The public faces 10-12 hours of a power cut, examinations have been called off due to the lack of printing papers, fuel and food prices, and touching skies. Cooking is impossible due to a lack of energy. A thousand bakeries have shuttered their doors. Several power facilities have shut down, resulting in widespread power outages. A month’s supply of gas cylinders used to be around 50,000. It’s now down to 2,000, so you can understand the impact on homes. The island’s diesel deficit has hampered public transportation and goods transit.

2.2. Political Situation

Economic woes fuel widespread resentment of the Rajapaksa family, which controls the government. There is a palpable sense of outrage in its core audience of farmers and nationalists. The lack of proper government policies also adds up to economic chaos. If the situation is not addressed, it may result in a change of power. Former President Maithripala Sirisena’s Freedom Party has asked President Rajapaksa to form an all-party administration to allow the country to get through the crisis. He has threatened to exit the coalition if his request is disregarded. 

The declaration of emergency grants security forces the authority to arrest and detain people immediately. This was witnessed after hundreds of protesters gathered in the capital, with many attempting to attack the President’s mansion in protest of the government’s “poor handling of economic policy, which has resulted in a state of chaos in the country.” The military has been deployed in the gas stations to ensure efficient distribution. Tear gas and water cannons were reportedly used to control the protests. Night curfews have been imposed in several locations in Sri Lanka.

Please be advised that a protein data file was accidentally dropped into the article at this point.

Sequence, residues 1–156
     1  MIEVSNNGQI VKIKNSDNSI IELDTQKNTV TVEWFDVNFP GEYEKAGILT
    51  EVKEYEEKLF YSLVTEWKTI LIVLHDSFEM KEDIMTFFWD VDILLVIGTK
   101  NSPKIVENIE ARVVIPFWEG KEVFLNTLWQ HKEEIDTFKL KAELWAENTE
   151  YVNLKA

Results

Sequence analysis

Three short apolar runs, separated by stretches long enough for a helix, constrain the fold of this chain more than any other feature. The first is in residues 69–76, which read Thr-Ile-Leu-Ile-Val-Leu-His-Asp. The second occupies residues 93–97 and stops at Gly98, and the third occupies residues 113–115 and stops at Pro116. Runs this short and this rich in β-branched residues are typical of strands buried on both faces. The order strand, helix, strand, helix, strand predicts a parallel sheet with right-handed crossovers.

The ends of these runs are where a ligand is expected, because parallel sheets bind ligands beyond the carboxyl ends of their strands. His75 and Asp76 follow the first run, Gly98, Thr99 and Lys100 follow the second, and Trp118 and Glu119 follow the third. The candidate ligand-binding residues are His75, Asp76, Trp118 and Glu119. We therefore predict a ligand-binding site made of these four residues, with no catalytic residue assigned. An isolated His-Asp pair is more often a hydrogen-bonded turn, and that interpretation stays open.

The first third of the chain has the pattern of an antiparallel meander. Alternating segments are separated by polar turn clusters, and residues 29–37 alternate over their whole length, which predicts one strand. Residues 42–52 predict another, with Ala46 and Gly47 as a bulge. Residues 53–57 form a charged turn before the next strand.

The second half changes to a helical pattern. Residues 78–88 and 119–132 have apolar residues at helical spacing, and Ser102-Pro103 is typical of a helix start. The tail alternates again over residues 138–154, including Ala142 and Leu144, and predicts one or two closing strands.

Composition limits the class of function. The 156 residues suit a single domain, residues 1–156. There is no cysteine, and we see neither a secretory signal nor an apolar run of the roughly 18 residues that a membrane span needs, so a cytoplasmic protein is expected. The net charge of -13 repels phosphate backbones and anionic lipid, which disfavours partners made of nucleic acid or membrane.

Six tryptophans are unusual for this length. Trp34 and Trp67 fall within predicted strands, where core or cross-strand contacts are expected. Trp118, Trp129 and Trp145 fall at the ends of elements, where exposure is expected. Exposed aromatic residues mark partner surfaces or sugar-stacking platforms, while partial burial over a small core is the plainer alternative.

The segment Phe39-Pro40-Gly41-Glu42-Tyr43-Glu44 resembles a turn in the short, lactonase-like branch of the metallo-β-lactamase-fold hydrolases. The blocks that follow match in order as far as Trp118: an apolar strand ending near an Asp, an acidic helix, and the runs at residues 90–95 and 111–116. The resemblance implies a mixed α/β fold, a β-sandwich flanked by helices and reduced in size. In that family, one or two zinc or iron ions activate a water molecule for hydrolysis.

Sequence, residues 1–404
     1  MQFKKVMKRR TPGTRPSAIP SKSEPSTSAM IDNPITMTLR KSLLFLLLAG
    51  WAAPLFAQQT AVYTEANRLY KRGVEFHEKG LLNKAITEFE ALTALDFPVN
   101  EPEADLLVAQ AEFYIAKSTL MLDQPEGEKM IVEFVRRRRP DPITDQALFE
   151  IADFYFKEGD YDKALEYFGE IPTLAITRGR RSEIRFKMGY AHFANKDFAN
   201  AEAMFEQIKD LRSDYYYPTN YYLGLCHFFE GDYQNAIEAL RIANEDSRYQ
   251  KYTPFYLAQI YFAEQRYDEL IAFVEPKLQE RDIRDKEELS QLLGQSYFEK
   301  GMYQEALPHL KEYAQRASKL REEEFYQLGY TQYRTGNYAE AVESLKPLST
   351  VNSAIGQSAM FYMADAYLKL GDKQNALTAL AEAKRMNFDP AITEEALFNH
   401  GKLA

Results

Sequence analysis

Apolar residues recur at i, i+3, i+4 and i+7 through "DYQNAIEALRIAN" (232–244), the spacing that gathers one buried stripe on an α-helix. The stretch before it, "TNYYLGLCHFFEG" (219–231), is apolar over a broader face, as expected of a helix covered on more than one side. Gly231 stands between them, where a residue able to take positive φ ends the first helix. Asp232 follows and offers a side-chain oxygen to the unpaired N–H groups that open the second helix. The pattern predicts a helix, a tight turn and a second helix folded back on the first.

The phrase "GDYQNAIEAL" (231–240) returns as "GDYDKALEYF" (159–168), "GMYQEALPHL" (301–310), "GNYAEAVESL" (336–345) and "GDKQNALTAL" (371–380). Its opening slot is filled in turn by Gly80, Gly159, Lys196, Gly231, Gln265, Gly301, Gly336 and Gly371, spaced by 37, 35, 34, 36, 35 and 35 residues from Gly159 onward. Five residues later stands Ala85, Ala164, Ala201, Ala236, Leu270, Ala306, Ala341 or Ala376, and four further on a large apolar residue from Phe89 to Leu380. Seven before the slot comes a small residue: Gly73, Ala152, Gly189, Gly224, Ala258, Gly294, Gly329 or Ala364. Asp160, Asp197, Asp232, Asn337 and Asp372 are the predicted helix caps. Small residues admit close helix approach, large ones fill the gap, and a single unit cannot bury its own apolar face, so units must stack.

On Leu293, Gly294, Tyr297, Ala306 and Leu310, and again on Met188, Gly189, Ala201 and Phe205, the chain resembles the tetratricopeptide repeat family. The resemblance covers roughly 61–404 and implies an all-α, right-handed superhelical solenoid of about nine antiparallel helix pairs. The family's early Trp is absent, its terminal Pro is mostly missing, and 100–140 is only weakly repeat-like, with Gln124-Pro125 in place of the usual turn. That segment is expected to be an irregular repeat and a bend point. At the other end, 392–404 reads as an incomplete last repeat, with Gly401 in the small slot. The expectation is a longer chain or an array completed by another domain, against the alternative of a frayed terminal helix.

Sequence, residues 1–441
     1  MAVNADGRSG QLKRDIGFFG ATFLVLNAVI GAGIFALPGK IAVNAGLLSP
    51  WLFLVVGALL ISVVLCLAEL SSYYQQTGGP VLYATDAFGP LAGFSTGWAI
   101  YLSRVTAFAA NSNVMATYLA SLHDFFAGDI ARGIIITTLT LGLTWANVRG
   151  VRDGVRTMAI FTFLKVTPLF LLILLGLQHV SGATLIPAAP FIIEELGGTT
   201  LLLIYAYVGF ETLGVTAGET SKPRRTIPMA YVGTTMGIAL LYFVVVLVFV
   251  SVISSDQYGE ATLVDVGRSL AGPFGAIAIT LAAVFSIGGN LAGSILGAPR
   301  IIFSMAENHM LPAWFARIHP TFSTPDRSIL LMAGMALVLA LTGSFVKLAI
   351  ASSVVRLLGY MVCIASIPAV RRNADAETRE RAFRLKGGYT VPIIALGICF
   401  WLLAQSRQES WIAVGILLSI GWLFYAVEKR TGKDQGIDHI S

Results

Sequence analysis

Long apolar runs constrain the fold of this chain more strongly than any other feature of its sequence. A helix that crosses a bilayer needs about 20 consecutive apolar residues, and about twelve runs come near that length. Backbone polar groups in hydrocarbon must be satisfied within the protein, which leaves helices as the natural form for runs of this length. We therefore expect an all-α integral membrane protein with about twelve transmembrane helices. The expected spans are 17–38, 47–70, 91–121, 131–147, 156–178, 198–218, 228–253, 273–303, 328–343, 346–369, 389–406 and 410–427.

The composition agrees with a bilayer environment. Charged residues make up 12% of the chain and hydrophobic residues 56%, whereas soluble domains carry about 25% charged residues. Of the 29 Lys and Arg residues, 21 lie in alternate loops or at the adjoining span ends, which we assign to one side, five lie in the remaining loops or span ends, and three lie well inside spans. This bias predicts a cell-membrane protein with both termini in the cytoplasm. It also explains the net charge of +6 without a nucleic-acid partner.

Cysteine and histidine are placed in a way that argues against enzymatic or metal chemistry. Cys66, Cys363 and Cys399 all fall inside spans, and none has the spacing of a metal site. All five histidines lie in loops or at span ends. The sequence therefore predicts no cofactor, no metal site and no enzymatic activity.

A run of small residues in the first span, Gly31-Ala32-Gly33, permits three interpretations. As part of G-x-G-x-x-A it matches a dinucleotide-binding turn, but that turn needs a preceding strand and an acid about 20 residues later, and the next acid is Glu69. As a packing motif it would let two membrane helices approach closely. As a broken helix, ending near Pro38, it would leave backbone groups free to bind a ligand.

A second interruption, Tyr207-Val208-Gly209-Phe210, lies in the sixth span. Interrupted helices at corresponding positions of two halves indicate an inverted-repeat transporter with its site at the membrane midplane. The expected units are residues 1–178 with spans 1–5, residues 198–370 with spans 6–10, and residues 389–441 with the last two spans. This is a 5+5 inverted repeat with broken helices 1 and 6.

India, the closest neighbor of Sri Lanka, also has to face repercussions. Refugees influx into the territories of Tamil Nadu. The number is expected to be around 2000-4000. India also has extended help by giving a $1 billion line of credit to stabilize fuel and food prices. Also, a $400 million credit swap arrangement has been sanctioned. So far, essentials such as medicine and rice have been provided under this arrangement. Lanka has been pressed to refinance its loans by China. If the circumstances warrants, India may provide more humanitarian assistance.

The International Monetary Fund (IMF) has suggested increasing the income taxes and VAT rates to control the affected challenging economy. In the next coming days, the International Monetary Fund will begin talks with Sri Lankan authorities on a prospective loan package, according to IMF spokesman Gerry Rice.

Sri Lanka’s geopolitical location can be witnessed in the power struggle for influence in the Indian Ocean between India and China. The country is situated on the vital sea route which connects the east and the west. Therefore it is essential for China for its “Belt and Road” initiative. The government previously rejected a plan to give China outright ownership of land in the port city of Colombo instead of granting Beijing a 99-year lease on 62 hectares.


Some experts suggest Sri Lanka’s debt should be restructured and repaid over three years. This will save money and ease the burden on Sri Lankans experiencing shortages of imported items like milk powder, pharmaceuticals, gas, and fuel. Along with the government debt of $4.5 billion, Sri Lanka needs to accumulate $2.4 billion for the state-owned and private companies to meet their debt due in 2022.

In the face of mounting economic troubles, most international economists expect things to worsen in the future, with some even predicting disaster as a matter of time. In the short term, the government may be able to alleviate the current crisis with international aid and loans. Still, the situation necessitates rigorous planning and management for long-term economic stability and the state’s welfare in the long run.